"Brawl at Bristol" DAYTONA BEACH, FL (August 12, 2003) Nearing the complex known as Bristol Motor Speedway, you feel overwhelmed by its stadium appearance. Once inside you realize you are looking at a stage where the gladiators of stock car ...
"Brawl at Bristol"
DAYTONA BEACH, FL (August 12, 2003) Nearing the complex known as Bristol Motor Speedway, you feel overwhelmed by its stadium appearance. Once inside you realize you are looking at a stage where the gladiators of stock car racing perform some of their greatest feats of bravery. Sitting high atop the massive grandstands or in one of the many suites offers the viewer a perspective of peering into a bowl.
The bowl consists of an oval cement surface that is home to some of the fastest and most furious short track racing seen anywhere in the world.
And it doesn't really matter which racing series is on the track. They all put on a great show. It is hard not to at Bristol. Fans flock from far and near to see the ultimate in bumping and grinding on the high banks at Bristol.
August is known as the dog days of summer. My familiarity with that comes from my earlier years in life, when during August one could observe wildlife in its tendency to act a little more on edge.
Looking down from above, with cars going round and round, it would appear that Bristol is like a large mixing bowl such as would be found in their grandmother's kitchen. Taking notice of the obvious steam rising from the stove, one might be tempted to ponder the brew that is being mixed in the bowl.
Whether driver, crew chief, official, cameraman, or spectator, each sit on the edge waiting for the action to turn to mayhem. Accidents happen fast at Bristol. Your trained eye learns to watch the pack that is dancing the hardest. You wait in breath taking fashion for the next incident to take place.
It has become commonplace to see the brew come to a boil as the final lap approaches. Drivers are now fatigued, worn by the constant g-forces and their stamina is challenged by the competitive beast within, to go harder and deeper into each corner as they near the checkered flag.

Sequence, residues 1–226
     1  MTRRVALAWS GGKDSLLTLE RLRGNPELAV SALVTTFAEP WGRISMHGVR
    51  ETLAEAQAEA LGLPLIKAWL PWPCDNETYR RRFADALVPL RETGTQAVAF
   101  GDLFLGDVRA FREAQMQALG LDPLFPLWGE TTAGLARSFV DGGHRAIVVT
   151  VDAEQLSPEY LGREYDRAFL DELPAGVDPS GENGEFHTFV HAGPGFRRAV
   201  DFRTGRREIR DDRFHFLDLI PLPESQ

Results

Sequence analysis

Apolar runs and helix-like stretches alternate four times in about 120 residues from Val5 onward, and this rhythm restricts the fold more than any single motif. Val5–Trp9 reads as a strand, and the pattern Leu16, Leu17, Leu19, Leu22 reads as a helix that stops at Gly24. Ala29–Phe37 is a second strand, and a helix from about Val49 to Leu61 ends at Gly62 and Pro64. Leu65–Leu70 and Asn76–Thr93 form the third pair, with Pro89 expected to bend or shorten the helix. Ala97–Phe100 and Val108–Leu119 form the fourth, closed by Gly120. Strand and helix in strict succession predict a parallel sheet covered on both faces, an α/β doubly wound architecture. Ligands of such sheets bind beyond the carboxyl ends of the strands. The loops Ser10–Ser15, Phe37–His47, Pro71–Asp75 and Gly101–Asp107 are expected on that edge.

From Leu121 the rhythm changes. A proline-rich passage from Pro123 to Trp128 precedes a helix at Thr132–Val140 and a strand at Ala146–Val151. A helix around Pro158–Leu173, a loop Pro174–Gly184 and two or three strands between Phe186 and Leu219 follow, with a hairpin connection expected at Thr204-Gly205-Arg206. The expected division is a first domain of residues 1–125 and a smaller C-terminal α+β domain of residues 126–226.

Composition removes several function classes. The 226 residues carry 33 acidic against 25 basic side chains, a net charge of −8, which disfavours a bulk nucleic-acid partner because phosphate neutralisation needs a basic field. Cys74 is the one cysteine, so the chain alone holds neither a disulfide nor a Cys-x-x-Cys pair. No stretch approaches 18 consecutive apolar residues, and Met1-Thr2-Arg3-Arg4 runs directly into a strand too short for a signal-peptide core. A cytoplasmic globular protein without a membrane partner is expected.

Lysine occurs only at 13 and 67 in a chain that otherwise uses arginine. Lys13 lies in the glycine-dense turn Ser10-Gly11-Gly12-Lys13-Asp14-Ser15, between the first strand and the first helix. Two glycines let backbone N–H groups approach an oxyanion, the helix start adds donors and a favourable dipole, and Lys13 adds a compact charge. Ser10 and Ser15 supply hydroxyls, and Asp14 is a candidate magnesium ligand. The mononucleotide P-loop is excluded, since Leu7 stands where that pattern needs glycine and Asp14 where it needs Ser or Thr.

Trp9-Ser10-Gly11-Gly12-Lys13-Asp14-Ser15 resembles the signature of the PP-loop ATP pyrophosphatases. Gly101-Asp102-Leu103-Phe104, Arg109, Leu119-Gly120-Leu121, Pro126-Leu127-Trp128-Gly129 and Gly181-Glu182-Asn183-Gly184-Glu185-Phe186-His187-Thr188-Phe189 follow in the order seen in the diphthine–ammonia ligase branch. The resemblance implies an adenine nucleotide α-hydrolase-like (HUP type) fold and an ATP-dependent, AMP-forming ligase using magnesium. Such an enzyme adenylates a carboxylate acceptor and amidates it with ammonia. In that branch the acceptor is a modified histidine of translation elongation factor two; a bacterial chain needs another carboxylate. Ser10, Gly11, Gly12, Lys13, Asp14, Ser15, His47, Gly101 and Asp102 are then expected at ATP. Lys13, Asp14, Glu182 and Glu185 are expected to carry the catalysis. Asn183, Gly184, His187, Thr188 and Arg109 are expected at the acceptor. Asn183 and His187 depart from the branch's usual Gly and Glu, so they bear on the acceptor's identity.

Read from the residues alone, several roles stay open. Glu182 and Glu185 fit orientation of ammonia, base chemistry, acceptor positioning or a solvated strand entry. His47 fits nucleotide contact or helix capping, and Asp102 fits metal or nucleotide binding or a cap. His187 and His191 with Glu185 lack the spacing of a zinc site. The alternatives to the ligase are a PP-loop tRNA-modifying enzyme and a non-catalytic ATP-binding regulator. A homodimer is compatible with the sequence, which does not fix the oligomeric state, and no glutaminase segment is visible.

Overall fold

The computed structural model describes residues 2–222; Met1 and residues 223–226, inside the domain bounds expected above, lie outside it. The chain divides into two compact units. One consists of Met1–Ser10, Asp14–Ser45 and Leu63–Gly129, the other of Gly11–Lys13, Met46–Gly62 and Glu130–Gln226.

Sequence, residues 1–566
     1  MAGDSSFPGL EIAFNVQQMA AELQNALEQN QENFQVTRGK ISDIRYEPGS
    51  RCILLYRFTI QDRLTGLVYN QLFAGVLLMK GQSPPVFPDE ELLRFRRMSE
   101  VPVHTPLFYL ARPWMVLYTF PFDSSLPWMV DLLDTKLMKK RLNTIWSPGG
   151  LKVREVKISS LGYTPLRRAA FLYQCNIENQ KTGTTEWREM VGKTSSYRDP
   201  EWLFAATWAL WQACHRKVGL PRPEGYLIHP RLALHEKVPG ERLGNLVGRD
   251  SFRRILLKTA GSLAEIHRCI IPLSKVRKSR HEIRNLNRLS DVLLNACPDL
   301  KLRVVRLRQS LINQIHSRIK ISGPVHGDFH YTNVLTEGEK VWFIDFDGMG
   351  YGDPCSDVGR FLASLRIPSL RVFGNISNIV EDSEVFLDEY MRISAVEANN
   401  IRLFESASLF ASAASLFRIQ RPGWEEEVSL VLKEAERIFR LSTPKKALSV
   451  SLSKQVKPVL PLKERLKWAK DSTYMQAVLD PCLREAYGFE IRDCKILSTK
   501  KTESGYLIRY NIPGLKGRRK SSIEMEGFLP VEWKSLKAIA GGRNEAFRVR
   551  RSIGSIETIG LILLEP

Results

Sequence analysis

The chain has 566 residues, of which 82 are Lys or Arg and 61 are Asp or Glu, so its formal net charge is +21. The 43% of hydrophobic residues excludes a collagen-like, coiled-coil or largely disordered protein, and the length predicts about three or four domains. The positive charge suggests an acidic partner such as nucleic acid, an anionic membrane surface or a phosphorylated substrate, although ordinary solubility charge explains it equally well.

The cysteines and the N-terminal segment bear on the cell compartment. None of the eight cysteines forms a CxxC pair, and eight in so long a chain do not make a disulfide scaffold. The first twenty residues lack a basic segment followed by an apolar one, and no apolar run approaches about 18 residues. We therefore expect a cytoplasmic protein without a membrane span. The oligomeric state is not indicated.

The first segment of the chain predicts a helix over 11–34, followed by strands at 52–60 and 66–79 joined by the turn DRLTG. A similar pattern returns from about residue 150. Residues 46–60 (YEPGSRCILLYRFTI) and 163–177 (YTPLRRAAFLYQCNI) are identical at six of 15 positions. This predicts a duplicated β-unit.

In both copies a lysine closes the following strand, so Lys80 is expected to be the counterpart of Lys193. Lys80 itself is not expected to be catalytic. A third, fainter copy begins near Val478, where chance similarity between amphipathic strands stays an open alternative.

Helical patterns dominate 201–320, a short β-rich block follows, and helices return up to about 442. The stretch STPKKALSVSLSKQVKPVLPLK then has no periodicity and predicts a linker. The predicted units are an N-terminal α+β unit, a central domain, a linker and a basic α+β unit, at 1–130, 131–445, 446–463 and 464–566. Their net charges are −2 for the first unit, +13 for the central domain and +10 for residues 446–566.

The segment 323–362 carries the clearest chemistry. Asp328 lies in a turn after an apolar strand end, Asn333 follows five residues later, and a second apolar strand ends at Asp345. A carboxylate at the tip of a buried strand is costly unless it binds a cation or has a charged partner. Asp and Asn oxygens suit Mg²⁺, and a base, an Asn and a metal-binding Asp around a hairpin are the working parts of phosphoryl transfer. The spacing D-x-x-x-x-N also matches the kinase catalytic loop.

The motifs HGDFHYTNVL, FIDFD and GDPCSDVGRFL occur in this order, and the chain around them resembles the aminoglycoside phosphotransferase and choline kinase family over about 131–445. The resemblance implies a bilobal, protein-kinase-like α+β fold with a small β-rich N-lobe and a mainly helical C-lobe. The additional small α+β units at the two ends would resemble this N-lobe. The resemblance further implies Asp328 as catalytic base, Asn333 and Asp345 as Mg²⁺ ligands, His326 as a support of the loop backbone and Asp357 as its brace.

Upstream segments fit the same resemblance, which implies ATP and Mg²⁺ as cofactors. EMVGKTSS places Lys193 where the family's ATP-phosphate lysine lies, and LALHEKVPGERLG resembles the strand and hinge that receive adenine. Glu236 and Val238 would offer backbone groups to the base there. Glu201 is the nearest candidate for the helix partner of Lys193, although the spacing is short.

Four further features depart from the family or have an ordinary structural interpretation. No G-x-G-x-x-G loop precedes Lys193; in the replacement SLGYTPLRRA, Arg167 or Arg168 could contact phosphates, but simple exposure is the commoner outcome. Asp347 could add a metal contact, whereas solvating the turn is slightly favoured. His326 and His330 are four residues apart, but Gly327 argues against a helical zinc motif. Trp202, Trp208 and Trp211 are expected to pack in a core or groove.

A win a Bristol is something to brag about. The fans are vocal and you will to hear them cheer one driver's accomplishment and boo just as loud for something they do not agree with.
One thing everyone agrees with, however, is that racing at Bristol leaves you wanting more. What you just witnessed only fuels the need for more of the same.
This brings us to talk about what happened at Bristol in August 2002. It was the annual serving of the Goody's Dash Series. A full field of competitors mixed together with their competitive juices to make a brew that would leave fans and competitors alike talking for an entire year, eagerly anticipating the next batch of Bristol Brew.
Jake Hobgood, of Winnsboro, SC was leading during the final laps of the 2002 edition of the Pabst Blue Ribbon 150. Claremont, NC's Robert Huffman was in pursuit, of not only the race win, but another Championship Title. He wanted the title to add to his impressive list of accomplishments in the series, including four previous championships. Hobgood was gunning for his first ever Series Championship.
Jake's dad, and former Series Champion (1994) Will Hobgood, had never won at Bristol. Jake wanted that piece of history for himself and his family.
Huffman was in third behind Johnny Chapman. Huffman was faster than Chapman but could not get by him. Each time he would get a nose underneath, Chapman would cut down on him to protect his position. Huffman was running out of time. The two touched more than once and Huffman would back off and try again. Finally, with his patience wearing thin, heading into turn Huffman dove low to take the position. Chapman tried in vain to block the bold move, but a determined Huffman had already positioned his car far enough underneath that there was no turning back, sending Chapman down off of the 36 degree banking. The yellow flag waved evaporating Hobgood's lead and bringing Huffman and the rest of the lead lap cars back into contention.